European colonial powers, to avenge an Anglo- U.S. denial of economic aid, and to garner the profits the company earned in his country. Britain and France responded by threatening to use force to recover ownership of the waterway. U.S president Eisenhower sought to resolve the dispute before it triggered hostilities, but the Suez-Sinai War nonetheless erupted in October when Israel, in secret partnership with Britain and France, attacked Egypt. This war was the best way to intervene Soviet Union in Arab Affairs at the same time is good chance to U.S policy to close the Arab states, especially Egypt. But, Cold War interests shaped Eisenhowers policy toward the crisis. He opposed the use of force against Egypt, because it seemed likely to enhance soviet prestige in the Arab world. Assessing the Soviet Unions intentions in the Middle East on the basis of soviet behavior in Eastern Europe, the president feared an advance in the Middle East or a direct attack on Britain and France. Eisenhower moved quickly to end the Suez-Sinai War, both to deny the Soviet Union political advantages in the Arab states and to remove the risk of soviet military action that would have gave consequences for world peace.16 Eisenhowers policy toward the canal crisis was on three basic and interrelated premises. First, he sought to avert a military clash and settle the canal dispute with diplomacy before the Soviet Union exploited the situation for political gain. Second, he aimed to avoid alienating Arab nationalism and included Arab statesmen in his diplomacy to end the crisis. Third, he sought to isolate Israel from the canal controversy.17 The Suez Crisis gave Eisenhower a good lesson for next years. The crisis demonstrated the strategic importance for U.S Cold War interests in the Middle East and drew clear political picture to U.S foreign policy that shaped its policy in many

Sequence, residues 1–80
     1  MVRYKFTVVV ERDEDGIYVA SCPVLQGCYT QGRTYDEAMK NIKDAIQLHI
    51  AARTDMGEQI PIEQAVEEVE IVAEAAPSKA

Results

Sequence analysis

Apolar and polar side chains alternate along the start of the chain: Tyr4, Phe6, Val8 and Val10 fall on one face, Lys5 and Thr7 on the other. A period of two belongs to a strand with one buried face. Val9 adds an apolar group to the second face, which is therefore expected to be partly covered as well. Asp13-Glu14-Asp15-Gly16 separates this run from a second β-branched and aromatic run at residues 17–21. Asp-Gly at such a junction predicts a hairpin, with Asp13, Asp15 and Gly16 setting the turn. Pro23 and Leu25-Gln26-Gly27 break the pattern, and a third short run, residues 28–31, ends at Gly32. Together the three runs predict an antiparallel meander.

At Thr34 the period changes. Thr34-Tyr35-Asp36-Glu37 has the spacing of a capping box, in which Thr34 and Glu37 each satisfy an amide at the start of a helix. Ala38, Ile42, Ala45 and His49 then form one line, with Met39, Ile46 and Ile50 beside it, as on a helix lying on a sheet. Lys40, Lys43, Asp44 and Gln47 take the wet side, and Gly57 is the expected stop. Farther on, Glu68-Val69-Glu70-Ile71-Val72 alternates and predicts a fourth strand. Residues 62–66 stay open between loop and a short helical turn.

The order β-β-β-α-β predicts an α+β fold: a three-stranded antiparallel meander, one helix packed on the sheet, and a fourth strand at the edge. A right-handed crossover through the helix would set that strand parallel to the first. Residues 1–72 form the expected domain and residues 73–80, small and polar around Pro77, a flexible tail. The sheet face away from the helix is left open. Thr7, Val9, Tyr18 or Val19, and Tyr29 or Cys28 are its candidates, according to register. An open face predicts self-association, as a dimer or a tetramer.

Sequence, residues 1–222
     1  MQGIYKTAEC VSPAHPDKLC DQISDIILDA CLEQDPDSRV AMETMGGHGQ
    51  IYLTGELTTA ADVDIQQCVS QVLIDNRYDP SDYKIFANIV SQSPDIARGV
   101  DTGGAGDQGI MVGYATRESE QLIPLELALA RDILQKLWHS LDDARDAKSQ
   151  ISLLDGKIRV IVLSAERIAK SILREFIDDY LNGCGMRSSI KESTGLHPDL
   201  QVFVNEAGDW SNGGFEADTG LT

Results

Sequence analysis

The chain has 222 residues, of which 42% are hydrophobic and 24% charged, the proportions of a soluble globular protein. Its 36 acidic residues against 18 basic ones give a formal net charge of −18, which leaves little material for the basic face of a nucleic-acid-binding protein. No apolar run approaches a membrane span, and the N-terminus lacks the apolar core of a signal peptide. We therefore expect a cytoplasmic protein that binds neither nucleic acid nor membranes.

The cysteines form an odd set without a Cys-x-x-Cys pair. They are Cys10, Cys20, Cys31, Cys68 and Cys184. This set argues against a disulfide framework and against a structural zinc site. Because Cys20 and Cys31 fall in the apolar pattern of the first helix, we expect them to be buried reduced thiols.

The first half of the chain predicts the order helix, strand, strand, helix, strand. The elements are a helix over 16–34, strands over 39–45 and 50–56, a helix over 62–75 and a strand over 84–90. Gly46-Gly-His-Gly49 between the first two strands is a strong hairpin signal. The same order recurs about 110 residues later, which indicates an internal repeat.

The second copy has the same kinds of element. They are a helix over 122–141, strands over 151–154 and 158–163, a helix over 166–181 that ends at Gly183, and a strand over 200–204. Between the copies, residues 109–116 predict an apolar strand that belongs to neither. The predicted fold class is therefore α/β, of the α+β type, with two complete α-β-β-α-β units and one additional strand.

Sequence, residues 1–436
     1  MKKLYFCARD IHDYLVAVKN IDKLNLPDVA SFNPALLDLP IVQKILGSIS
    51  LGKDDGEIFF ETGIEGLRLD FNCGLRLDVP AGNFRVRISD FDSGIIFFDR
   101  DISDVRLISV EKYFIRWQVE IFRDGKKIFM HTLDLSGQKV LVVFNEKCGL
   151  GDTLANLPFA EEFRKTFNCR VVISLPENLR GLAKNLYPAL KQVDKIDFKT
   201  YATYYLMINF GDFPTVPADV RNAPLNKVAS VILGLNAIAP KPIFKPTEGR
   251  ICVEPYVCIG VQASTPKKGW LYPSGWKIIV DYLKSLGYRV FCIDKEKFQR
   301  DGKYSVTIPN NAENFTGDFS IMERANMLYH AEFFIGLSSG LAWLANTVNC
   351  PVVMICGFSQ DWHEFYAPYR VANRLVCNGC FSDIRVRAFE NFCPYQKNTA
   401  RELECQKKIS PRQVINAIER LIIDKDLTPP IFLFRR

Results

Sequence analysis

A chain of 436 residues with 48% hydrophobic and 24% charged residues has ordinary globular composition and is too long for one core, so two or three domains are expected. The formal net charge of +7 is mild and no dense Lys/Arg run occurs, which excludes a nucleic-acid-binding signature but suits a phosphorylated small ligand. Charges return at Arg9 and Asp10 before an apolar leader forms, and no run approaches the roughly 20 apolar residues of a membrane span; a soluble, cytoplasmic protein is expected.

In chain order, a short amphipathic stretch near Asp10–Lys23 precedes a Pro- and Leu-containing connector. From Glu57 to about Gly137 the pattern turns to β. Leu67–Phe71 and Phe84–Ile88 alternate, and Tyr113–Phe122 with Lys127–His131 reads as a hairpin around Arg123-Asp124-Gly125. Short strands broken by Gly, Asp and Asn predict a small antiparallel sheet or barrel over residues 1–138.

Peter L. Hahn, Caught in the Middle East: U.S Policy toward the Arab-Israeli Conflict, 1945-1961, 19497. Cole C. Kingseed, Eisenhower and the Suez Crisis of 1956 (Baton Rouge: Louisiana State University Press, 1995), 127-47. Peter L. Hahn, Caught in the Middle East: U.S Policy toward the Arab-Israeli Conflict, 1945-1961, 19598.